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Scientists Link Selfies To Narcissism, Addiction & Mental Illness

Social media has taken the world by storm and the age of selfies has overtaken every aspect of our lives. Not an event or special moment goes by without the urge to whip out the phone for a selfie. People tend to live their lives out on social media and every action or event is designed to be projected out there.
Social media has created a whole generation of narcissists. Not many seem to be concerned about real-world issues anymore. All they want is to be seen at the most happening event, looking their best or posing beside a celebrity. How many youngsters actually look up the news or worry about what’s happening in a third world country? Most would rather take a quick selfie and post it on social media after it has been photoshopped.
Many lead double lives, creating a beautiful imaginary world for themselves on social media, when they are actually quite sad and lonely. Although social media has connected people in many ways, it has also created a larger disconnect in society. All one needs to do is to look around a restaurant and see groups sitting together, glued to their phones instead of interacting with those in front of them.
Everyone seems to be competing for a higher number of followers or likes on social media. The moment a selfie has been posted online, we’re immediately checking to see how many likes it has garnered. This need to look our best in every frame or to have a post of ours retweeted or shared over and over again has made us obsessed with ourselves. This self-obsession leads to more and more people becoming emotionally detached.

This new trend of posting selfies has been a puzzle for researchers in social psychology. In September 2016, a paper published by the University of Florida observed that although narcissism was most frequently associated with the obsession for taking and posting selfies, not all narcissists were prone to posting selfies on a regular basis. Narcissism was ruled out as a predictor for the behavior involved in posting selfies because it needed some other factors.
The researchers from the University of Florida led by Eunice Kim decided to base their work on ‘Theory of Planned Behaviour’ (TPB) that social psychologist Icek Aizen came up with. Rather than focusing only on personality, they set out to understand the link between the behavior and attitude involved in selfie posting. TPB shows that there are many factors that predict behavior, and attitude is just one of them.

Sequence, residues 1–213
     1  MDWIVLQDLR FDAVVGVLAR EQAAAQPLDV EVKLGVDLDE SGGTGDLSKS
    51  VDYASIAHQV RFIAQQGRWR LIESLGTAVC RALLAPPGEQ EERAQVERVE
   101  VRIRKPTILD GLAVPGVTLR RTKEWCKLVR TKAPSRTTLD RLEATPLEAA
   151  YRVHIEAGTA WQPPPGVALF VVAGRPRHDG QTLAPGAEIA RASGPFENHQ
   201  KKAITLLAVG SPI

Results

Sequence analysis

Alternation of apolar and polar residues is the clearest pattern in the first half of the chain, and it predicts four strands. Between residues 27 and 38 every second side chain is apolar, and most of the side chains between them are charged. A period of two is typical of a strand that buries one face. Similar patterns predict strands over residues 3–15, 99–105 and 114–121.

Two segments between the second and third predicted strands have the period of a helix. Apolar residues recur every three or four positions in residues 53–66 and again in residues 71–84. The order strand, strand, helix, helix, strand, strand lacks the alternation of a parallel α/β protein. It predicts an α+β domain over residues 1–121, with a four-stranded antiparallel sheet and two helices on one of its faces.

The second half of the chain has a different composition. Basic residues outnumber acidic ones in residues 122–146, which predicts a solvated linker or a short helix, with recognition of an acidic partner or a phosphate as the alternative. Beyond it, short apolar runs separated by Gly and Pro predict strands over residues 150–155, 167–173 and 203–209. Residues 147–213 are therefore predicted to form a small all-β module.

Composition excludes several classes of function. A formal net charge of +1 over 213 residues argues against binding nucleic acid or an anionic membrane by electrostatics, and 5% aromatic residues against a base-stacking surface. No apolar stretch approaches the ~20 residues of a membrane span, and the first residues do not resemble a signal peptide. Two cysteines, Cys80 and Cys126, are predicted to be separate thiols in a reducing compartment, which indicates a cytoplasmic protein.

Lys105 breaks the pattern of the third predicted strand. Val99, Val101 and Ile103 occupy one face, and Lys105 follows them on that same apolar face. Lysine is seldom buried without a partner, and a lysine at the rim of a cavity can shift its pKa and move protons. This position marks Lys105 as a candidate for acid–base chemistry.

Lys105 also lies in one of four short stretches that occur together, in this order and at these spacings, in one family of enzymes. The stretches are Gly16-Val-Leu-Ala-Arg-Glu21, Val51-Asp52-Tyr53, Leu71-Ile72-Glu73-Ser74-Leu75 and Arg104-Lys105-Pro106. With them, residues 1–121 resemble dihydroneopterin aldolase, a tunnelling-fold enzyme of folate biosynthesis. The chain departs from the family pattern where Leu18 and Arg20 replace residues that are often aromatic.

For people who post selfies, the first attitude they adhere to is that posting selfies has some importance because it can not only enhance your self-image but is also fun. They do not see anything out of place with this behavior because most of their peers are engaged in the same thing. Those who think they’re too old or would come across as being too vain will not post a selfie because their attitude towards it is different. However, there are those who continuously post selfies to promote themselves and boost their self-image. Every share or like that they receive on a post gives them a high. These people would fall into the category of narcissists because of their obsession for self-gratification.
In the final analysis, when the obsession for taking selfies is viewed with a wider lens one realizes that it is not just narcissism which drives this obsession but also social norms. Although taking selfies may come across as a vain act, they are also fun and help people stay connected.
Scientists Link Selfies To Narcissism, Addiction & Mental Illness Scientists Link Selfies To Narcissism, Addiction & Mental Illness Reviewed by Tyler on January 03, 2019 Rating: 5


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  2. Who is that girl in the picture???? She's HOTT!!!!!!


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